Fake drug, fake illness -- and people believe it!Reuters
Feb. 18, 2007
1."That's Not True" BBC Host Hangs Up On Guest for Citing Rotherham Muslim Rape Scandal
2.Trump Rips Bill Kristol: "All The Guy Wants to do is Kill People and Go to War"
3.VIDEO: Telemundo Busted Staging Shot at Anti-Trump Protest
4.UK Home Secretary Theresa May Hails "Benefits" of Sharia Law
5.Migrants Thank 89-Yr-Old Austrian Man Who Gave Them Euros by Robbing Him
6.The Huffington Post Is What Happens When There's No Men In The Room
7.Anti-Trump Protesters Win Hearts and Minds by Threatening to Murder Trump
8.Is This The Most Fail Interview Of All Time?
NEW YORK (Reuters) - A media exhibit featuring a campaign for a fake drug to treat a fictitious illness is causing a stir because some people think the illness is real.
Australian artist Justine Cooper created the marketing campaign for a non-existent drug called Havidol for Dysphoric Social Attention Consumption Deficit Anxiety Disorder (DSACDAD), which she also invented.
But the multi-media exhibit at the Daneyal Mahmood Gallery in New York, which includes a Web site, mock television and print advertisements and billboards is so convincing people think it is authentic.
"People have walked into the gallery and thought it was real," Mahmood said in an interview.
"They didn't get the fact that this was a parody or satire."
But Mahmood said it really took off over the Internet. In the first few days after the Web site (www.havidol.com) went up, it had 5,000 hits. The last time he checked it had reached a quarter of a million.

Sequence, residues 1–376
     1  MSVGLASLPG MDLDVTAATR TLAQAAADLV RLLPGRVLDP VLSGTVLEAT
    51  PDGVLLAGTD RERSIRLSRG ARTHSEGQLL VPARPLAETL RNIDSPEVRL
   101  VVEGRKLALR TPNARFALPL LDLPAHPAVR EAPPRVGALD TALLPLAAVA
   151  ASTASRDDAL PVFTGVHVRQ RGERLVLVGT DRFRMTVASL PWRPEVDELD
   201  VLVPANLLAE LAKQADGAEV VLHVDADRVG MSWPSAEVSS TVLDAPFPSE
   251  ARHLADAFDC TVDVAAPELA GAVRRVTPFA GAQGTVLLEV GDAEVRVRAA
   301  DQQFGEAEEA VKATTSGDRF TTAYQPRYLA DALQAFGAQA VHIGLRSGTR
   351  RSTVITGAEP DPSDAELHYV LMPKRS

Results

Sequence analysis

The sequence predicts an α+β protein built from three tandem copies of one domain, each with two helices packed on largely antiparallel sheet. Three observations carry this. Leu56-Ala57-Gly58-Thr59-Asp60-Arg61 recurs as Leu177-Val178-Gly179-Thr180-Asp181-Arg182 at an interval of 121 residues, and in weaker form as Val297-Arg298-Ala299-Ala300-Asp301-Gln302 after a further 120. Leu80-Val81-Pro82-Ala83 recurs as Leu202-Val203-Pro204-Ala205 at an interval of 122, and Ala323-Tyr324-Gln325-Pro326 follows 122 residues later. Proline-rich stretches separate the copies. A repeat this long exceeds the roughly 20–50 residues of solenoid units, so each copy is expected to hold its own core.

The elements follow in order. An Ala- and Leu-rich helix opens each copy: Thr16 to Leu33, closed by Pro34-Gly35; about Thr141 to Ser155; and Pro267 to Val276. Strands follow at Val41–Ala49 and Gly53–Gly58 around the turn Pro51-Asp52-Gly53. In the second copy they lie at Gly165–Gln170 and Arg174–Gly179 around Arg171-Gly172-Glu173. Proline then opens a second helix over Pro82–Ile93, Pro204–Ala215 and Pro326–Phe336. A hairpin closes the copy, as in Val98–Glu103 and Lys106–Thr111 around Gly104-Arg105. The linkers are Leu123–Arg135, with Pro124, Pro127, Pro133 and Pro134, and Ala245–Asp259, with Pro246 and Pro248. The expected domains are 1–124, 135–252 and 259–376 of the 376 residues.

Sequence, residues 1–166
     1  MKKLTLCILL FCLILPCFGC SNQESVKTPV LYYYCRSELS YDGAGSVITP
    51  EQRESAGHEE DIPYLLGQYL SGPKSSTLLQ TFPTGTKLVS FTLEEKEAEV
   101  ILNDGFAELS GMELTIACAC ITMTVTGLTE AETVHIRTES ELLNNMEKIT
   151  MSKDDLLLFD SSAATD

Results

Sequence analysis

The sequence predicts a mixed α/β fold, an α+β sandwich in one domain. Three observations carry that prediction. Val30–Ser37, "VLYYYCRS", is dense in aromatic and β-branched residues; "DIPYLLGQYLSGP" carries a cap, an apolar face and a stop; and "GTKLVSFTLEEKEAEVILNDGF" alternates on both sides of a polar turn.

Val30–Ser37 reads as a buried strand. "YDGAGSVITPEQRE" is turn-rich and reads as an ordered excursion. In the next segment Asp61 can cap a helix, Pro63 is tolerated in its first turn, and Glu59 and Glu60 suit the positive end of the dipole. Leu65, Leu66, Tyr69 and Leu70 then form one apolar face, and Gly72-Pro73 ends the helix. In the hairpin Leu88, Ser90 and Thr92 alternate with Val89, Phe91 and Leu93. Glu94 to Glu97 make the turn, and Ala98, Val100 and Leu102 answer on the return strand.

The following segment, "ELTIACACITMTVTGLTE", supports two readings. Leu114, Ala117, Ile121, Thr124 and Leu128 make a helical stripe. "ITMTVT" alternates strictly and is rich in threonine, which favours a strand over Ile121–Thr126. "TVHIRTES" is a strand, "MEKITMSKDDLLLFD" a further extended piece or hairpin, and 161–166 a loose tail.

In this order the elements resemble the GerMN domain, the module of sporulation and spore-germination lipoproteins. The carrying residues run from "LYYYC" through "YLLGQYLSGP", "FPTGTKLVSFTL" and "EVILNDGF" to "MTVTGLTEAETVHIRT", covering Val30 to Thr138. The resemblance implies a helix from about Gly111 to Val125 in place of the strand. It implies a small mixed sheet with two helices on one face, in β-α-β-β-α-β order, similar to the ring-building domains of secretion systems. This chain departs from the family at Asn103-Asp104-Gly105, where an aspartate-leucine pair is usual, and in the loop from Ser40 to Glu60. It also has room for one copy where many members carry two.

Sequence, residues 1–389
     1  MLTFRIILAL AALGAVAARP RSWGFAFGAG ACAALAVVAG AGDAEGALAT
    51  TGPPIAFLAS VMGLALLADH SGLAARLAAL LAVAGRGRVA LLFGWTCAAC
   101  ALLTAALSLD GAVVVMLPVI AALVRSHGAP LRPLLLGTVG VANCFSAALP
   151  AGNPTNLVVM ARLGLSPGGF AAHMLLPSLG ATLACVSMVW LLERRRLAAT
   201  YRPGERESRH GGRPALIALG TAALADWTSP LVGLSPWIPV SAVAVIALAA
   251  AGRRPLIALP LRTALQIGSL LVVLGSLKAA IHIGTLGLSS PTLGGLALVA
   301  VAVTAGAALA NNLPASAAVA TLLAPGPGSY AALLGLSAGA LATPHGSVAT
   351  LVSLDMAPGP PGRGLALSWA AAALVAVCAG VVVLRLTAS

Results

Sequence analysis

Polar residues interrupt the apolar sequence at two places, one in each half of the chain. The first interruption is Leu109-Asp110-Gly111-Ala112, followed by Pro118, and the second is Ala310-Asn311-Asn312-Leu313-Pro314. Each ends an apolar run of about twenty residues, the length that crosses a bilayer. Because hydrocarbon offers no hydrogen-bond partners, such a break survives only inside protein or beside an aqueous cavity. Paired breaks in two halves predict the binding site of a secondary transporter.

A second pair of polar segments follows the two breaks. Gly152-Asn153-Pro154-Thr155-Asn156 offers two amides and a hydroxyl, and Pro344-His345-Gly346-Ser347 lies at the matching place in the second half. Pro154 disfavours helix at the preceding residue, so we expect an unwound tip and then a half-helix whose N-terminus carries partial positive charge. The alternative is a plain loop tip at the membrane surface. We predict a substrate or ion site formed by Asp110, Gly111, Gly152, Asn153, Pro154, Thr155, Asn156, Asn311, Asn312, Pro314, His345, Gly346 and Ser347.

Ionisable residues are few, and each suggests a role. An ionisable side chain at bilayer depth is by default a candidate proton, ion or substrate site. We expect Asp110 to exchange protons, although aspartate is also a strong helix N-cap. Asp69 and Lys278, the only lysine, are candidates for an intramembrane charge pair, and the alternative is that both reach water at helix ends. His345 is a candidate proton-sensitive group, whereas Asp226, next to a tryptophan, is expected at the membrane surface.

"The thing that amazes me is that it has been folded into real Web sites for panic and anxiety disorder. It's been folded into a Web site for depression. It's been folded into hundreds of art blogs," he added.
The parody is in response to the tactics used by the drug industry to sell their wares to the public. Consumer advertising for prescription medications, which are a staple of television advertising in the United States, was legalized in the country in 1997.
Cooper said she intended the exhibit to be subtle.
"The drug ads themselves are sometimes so comedic. I couldn't be outrageously spoofy so I really wanted it to be a more subtle kind of parody that draws you in, makes you want this thing and then makes you wonder why you want it and maybe where you can get it," she added.
Mahmood said that in addition to generating interest among the artsy crowd, doctors and medical students have been asking about the exhibit.
"I think people identify with the condition," he said.